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Wow, the top speed of the type E is amazing, didnt expect that from these type of engines.

JasonB17/12/2019 10:04:13
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Should be able to get close to that when I have this one running right.

JasonB22/12/2019 19:08:52
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Taking a break from the castings I thought I would do the conrod next, this was roughed out from a piece of 5/8" steel. To produce the shapely big end I drew it out in Alibre and used that to produce a series of co-ordinates at 0.020" spacing which were cut with an insert parting tool

The stepped cut was then blended with files until a pleasing shape was produced.

As the distance between big and little ends was less than the width of my vice jaws I used a couple of 15-30-60 blocks as packing to hold the rod for drilling and reaming the ends, I also supported the big end with a make shift jack from some clamping nuts and a stud to make sure it did not deflect.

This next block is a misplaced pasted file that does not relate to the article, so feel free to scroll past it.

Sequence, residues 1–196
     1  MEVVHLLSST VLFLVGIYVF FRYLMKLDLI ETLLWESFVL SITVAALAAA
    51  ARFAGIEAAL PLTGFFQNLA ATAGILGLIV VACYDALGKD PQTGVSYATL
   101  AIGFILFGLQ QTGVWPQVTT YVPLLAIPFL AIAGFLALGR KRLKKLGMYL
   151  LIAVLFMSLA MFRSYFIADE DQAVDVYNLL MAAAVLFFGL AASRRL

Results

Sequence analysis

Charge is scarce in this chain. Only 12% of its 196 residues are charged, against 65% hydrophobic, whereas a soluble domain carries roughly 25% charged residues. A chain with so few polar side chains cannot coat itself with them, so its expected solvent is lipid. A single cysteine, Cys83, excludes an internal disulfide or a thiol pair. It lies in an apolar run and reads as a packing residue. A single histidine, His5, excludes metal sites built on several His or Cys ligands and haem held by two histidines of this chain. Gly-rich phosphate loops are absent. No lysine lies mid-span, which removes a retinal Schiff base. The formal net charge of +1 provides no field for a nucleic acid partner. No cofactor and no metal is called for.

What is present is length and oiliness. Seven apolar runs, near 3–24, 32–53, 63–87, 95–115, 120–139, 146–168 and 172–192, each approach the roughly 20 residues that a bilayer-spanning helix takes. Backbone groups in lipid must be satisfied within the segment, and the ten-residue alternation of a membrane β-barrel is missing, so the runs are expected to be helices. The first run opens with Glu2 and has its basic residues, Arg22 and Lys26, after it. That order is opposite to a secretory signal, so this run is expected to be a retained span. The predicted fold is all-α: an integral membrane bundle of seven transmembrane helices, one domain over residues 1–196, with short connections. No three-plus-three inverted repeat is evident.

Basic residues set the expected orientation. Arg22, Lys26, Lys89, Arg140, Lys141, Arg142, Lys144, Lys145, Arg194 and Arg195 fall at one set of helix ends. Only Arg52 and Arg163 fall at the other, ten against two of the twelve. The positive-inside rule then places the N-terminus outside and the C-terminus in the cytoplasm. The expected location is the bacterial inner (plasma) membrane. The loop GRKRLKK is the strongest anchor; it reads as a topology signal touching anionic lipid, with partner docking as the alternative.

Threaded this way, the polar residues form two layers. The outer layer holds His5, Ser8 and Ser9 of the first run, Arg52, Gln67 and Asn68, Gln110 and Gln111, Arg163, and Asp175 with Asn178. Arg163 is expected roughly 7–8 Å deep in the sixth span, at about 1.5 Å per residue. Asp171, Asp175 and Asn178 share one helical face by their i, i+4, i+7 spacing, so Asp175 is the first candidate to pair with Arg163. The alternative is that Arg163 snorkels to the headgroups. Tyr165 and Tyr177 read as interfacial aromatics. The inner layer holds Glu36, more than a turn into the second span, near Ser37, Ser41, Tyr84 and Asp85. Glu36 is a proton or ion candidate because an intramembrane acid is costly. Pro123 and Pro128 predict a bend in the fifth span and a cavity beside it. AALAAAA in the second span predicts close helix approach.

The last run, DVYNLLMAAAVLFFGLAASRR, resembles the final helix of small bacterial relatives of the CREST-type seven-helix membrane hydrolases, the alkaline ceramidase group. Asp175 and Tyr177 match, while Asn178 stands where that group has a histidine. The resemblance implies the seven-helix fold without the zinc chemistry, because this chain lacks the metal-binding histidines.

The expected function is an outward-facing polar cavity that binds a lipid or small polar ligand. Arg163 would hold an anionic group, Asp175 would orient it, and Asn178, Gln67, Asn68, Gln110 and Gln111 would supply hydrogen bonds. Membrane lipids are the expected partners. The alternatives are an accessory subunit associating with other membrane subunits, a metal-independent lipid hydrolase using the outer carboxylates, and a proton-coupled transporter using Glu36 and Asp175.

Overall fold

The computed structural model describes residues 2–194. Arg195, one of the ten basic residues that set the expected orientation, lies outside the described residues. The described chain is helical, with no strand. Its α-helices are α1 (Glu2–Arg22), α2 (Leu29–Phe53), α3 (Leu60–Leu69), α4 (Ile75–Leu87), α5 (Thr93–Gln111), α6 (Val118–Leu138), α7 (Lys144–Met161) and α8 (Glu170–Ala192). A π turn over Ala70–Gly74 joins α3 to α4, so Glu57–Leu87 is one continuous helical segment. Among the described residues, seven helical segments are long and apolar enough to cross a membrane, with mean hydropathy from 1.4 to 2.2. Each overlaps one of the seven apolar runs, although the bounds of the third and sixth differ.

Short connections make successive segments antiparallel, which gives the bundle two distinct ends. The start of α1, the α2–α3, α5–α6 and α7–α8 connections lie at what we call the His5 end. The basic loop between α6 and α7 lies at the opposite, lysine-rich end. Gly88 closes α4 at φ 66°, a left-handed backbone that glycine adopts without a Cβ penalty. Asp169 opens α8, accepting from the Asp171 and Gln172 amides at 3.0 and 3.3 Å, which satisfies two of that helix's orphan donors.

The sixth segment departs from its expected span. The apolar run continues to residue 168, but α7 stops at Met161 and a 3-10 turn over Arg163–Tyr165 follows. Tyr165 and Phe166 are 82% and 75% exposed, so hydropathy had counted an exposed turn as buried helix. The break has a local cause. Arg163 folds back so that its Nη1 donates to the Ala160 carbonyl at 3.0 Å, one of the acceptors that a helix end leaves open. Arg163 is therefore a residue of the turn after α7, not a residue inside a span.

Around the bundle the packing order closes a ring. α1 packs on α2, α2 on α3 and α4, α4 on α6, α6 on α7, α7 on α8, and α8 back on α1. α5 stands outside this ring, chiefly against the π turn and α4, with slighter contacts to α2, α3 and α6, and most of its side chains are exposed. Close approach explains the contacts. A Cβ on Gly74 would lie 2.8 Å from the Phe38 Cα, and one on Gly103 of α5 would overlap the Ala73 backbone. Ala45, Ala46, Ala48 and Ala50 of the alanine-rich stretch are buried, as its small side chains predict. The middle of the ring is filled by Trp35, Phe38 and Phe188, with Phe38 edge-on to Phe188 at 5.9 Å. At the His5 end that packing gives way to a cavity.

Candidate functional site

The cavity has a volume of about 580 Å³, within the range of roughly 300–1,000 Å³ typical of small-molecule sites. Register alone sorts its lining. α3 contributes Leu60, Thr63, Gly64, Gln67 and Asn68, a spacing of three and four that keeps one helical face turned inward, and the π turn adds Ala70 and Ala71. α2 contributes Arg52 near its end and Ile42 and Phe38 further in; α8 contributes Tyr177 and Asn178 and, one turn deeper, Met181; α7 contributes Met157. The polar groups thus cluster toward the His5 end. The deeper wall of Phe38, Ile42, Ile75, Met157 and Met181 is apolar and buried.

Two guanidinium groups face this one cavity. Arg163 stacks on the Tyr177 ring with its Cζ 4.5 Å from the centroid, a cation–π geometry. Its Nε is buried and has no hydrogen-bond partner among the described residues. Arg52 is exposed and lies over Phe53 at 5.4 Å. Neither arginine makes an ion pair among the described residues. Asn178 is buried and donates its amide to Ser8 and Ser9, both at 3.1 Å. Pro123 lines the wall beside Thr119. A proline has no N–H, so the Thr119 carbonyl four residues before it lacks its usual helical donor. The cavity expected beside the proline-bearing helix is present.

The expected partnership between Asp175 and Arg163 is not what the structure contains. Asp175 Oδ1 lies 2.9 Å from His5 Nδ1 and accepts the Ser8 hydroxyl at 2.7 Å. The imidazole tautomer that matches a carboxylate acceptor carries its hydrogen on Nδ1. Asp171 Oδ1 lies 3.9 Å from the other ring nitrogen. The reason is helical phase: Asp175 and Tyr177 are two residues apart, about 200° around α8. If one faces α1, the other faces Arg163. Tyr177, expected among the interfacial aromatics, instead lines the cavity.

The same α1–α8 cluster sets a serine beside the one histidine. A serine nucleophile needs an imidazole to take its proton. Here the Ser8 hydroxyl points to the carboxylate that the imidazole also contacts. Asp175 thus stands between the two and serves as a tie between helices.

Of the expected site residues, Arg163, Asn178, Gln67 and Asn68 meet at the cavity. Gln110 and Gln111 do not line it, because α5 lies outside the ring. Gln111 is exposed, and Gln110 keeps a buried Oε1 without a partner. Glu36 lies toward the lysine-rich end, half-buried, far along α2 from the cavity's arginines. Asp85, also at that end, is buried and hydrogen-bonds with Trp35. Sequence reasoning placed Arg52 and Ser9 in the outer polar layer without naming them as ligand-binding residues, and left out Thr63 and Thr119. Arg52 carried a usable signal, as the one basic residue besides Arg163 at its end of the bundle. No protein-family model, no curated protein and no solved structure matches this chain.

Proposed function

A couple of bronze bearings were turned up and fixed with 648 Loctite and the drilling for the oiler in teh big end carried through the bearing.

The carb is a fairly simple turning job with a few decorative beads that was then transfered to a 5C collet block to drill the cross hole for the choke and one half way in at 90deg for the fuel line nipple. I must stop taking such close up shots as it make sthe surface look rough!

The choke is just a spindle with a hole for the control lever at the end and then milled away either side to form a butterfly, not much metal left so a jack was used again.